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Easily Create an OCI Container Engine for Kubernetes cluster with Terraform Installer to run WebLogic Server

Marina Kogan
Principal Member of Technical Staff

In previous blogs, we have described how to run WebLogic Server on Kubernetes with the Operator using the Oracle Cloud Infrastructure Container Engine for Kubernetes (OKE). To create new Kubernetes clusters quickly, we suggest that you use the Terraform-based Kubernetes installation for the Oracle Cloud Infrastructure (OCI). It consists of Terraform modules and an example base configuration that is used to provision and configure the resources needed to run a highly available and configurable Kubernetes cluster on the Oracle Cloud Infrastructure (OCI).

In this blog, we provide sample Terraform scripts and describe the steps to create a basic OKE cluster. Note that this cluster can be used for testing and development purposes only. The provided samples of Terraform scripts should not be considered for creating production clusters, without more of a review in production clusters.

Using Terraform installation scripts makes the provisioning of the cloud infrastructure and any required local resources for the Kubernetes cluster fast and easy to perform. They enable you to run WebLogic Server on OKE and leverage WebLogic Server applications in a managed Kubernetes environment in no time.

The samples will create:

  • A new Virtual Cloud Network (VCN) for the cluster
  • Two load balancer subnets with security lists
  • Three worker subnets with security lists
  • A Kubernetes cluster with one Node Pool
  • A kubeconfig file to allow access using kubectl

Nodes and network settings will be configured to allow SSH access, and the cluster networking policies will allow NodePort services to be exposed.

All OCI Container Engine masters are highly available (HA) and employ load balancers.

Prerequisites

To use these Terraform scripts, you will need to:

  • Have an existing tenancy with sufficient compute and networking resources available for the desired cluster.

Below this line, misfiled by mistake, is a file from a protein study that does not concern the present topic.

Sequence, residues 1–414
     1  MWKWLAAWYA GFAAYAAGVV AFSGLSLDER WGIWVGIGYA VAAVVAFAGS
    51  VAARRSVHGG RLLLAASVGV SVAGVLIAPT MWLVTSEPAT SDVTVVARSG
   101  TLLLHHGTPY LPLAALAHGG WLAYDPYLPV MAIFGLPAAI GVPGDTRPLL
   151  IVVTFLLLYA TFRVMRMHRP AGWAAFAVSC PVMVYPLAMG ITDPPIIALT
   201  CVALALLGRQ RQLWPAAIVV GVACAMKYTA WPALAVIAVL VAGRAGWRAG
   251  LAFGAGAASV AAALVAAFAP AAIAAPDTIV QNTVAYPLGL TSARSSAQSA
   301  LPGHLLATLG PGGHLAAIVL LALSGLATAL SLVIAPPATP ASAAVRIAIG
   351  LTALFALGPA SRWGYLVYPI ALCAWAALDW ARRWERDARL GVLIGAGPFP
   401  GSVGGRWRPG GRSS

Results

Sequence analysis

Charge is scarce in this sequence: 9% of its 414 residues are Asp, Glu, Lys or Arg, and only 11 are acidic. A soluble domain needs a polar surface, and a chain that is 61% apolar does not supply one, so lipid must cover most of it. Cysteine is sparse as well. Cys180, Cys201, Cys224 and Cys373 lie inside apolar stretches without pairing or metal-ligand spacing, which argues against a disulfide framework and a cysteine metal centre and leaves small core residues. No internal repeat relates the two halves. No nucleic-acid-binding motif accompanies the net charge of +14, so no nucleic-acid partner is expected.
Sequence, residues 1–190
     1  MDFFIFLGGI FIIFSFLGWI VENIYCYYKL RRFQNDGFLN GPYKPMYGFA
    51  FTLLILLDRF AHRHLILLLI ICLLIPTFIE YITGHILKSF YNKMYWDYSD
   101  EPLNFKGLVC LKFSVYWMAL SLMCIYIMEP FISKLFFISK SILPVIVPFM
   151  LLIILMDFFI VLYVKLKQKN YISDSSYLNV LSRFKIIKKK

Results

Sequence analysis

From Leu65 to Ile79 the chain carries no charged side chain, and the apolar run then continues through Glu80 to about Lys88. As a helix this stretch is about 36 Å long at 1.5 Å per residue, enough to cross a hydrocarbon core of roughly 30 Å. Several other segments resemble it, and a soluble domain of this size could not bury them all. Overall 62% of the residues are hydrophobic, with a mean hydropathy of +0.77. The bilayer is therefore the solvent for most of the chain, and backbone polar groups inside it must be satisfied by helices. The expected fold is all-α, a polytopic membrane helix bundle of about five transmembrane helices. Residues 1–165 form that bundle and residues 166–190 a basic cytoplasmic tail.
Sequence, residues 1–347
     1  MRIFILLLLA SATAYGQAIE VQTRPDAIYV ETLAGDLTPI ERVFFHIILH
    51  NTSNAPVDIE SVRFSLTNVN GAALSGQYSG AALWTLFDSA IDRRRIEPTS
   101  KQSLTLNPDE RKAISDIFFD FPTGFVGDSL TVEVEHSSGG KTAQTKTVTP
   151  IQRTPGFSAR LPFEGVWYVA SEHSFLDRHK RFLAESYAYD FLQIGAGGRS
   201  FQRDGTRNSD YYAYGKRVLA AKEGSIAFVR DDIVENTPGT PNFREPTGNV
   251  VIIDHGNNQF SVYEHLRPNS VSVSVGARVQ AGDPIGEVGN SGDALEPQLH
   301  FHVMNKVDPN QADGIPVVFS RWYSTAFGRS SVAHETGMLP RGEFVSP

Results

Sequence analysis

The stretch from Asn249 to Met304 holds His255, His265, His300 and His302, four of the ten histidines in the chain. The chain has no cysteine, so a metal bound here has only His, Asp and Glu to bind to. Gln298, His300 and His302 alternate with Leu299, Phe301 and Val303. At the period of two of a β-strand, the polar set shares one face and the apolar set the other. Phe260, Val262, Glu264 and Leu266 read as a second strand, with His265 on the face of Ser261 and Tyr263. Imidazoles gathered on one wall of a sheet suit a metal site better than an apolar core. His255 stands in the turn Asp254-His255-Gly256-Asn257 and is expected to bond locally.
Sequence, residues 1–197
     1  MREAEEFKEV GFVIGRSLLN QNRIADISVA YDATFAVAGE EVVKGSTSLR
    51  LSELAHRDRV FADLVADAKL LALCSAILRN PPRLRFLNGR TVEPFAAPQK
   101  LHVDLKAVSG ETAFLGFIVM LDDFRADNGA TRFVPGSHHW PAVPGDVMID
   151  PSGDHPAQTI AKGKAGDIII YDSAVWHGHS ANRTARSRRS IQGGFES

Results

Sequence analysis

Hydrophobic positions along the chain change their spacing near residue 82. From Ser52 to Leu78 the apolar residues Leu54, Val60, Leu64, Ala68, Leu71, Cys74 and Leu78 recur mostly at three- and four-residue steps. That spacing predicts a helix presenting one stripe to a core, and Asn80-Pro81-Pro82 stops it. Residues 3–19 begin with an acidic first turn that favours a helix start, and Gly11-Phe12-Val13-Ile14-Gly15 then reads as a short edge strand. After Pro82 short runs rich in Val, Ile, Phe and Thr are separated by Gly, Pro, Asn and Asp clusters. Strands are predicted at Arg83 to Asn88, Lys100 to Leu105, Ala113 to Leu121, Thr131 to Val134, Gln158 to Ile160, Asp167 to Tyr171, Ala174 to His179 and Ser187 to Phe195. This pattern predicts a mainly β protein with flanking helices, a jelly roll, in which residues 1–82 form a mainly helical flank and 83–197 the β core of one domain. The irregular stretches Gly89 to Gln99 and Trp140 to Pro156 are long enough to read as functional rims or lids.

• Have an Identity and Access Management policy in place within that tenancy to allow the OKE service to manage tenancy resources.
  • Have a user defined within that tenancy.
  • Have an API key defined for use with the OCI API, as documented here.
  • Have an SSH key pair for configuring SSH access to the nodes in the cluster.

Configuration Files

The following configuration files are part of this Terraform plan. 

File

Description

 

provider.tf

Configures the OCI provider for a single region.

vcn.tf

Configures the VCN for the cluster, including two load balancer subnets and three worker subnets.

cluster.tf

Configures the cluster and worker node pool.

kube_config.tf

Downloads the kubeconfig for the new cluster.

template.tfvars

Example variable definition file for creating a cluster.

 

Creating a Cluster

Without getting into the configuration details, getting a simple cluster running quickly entails the following:

  • Create a new tfvars file based on the values from the provided oci.props file.
  • Apply the configuration using Terraform.

In the sample, we have provided a script that performs all the steps. In addition, the script downloads and installs all the required binaries for TerraformTerraform OCI Provider, based on OS system (macOS or Linux).

Create a Variables File